Posts Tagged ‘Anandabazar’

You may know that one cannot read Anandabazar Patrika (ABP) the largest Bengali newspaper from India, using any of the modern browsers such as Mozilla Firefox, Apple  Safari, Google Chrome, Opera, and others (only exception is Microsoft IE). This is because Anandabazar has failed to adopt the international standard for digital Bangla namely the Unicode even in 2010.

I am launching a petition site with a live Unicode proxy that demonstrates — Anandabazar Patrika can be read not only in all modern browsers but also in mobiles phones, if they care to adopt the international standard.

If you support this petition then let your voice be known.


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On the new year’s day, the Anandabazar Patrika, the largest Bengali newspaper from West Bengal, begins one of their editorial with the sentence — “সাম্প্রতিক পশ্চিমবঙ্গের জনপ্রিয়তম শব্দবন্ধ ‘পরিবর্তন চাই’” (“The most popular words in recent Bengal — ‘We want change'” ). The same editorial ends with the proposition — “নূতন বৎসরের মূলমন্ত্র হউক ‘পরিবর্তন চাই’” (“Let the mantra for new-year be — ‘we want change’ “). Leaving aside the politics, there is a serious need of change in technology adoption in West Bengal and that is to help its beloved language Bengali to survive in its digital avatar.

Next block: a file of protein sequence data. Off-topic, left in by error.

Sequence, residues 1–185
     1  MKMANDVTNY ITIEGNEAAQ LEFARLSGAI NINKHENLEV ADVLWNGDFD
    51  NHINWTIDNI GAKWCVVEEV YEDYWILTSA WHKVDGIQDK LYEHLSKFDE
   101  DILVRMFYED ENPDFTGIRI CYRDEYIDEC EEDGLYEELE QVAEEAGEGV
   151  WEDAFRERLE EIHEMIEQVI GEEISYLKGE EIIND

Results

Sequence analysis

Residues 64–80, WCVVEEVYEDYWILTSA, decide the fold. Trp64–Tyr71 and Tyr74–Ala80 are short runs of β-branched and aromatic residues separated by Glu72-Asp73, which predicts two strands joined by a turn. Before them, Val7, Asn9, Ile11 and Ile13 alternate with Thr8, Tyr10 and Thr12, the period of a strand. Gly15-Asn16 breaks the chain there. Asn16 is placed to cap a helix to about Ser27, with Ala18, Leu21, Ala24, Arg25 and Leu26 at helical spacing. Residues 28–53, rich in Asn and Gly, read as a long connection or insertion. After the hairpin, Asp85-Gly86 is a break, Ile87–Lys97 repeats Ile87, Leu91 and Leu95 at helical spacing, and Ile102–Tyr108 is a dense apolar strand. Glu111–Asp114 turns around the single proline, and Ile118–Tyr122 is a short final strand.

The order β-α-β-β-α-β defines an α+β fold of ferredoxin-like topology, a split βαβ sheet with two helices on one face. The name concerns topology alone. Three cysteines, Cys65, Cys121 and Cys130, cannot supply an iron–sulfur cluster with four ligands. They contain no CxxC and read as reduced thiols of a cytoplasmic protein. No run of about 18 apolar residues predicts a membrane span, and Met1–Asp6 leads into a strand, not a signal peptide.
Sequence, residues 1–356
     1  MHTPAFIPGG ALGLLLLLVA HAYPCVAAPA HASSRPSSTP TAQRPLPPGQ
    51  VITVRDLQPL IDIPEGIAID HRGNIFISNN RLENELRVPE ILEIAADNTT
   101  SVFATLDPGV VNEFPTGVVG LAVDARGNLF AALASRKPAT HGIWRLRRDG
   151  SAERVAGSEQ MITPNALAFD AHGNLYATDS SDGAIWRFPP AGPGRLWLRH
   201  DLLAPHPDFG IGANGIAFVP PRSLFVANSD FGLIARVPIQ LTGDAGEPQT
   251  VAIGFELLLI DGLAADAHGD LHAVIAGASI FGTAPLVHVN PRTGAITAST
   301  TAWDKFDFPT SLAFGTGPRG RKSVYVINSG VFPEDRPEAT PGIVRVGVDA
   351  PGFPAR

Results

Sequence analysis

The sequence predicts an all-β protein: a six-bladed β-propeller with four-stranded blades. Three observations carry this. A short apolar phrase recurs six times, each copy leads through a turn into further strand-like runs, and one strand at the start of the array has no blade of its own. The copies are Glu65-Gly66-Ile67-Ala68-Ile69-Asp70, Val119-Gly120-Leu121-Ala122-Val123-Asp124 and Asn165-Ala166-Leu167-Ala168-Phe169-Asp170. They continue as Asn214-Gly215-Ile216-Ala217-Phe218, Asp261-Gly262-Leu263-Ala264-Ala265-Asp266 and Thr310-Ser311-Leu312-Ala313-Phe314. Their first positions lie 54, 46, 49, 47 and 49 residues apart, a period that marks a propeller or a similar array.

In their own words, the Anandabazar Patrika (ABP) may sound like a champion of change but in practice they are no different. Being a leader in Bengali publishing industry, one might expect them to be in forefront in improving the digital standard for Bengali. Unfortunately, their action speaks just the opposite. They continue to use non-standard, bitstream font technology in their website instead of using international standard, the Unicode. One of their “supported browser” is Netscape Communicator whose official support has ended in 2008. They also recommend the use of Firefox plugin Padma. Being the author of ABP support in Padma, this seems rather strange to me. They are asking users to convert their contents to Unicode (by using Padma) rather than serving their contents directly using Unicode.

It may be mentioned that like many other non-Latin languages, digital representation of Bengali texts suffered from a lack of encoding standard in its early phase. However with the advent of Unicode, the universal encoding standard, this is no longer an issue. The Unicode standard has been widely adopted across different operating systems and all recent versions of Windows, Mac or Linux support Unicode natively.  According to a statistics from the internet giant Google, the Unicode is most frequently used encoding on the internet since 2008.

Nevertheless, there has been a significant increase in Unicode adoption also for Bengali in recent past. Let me mention some of them.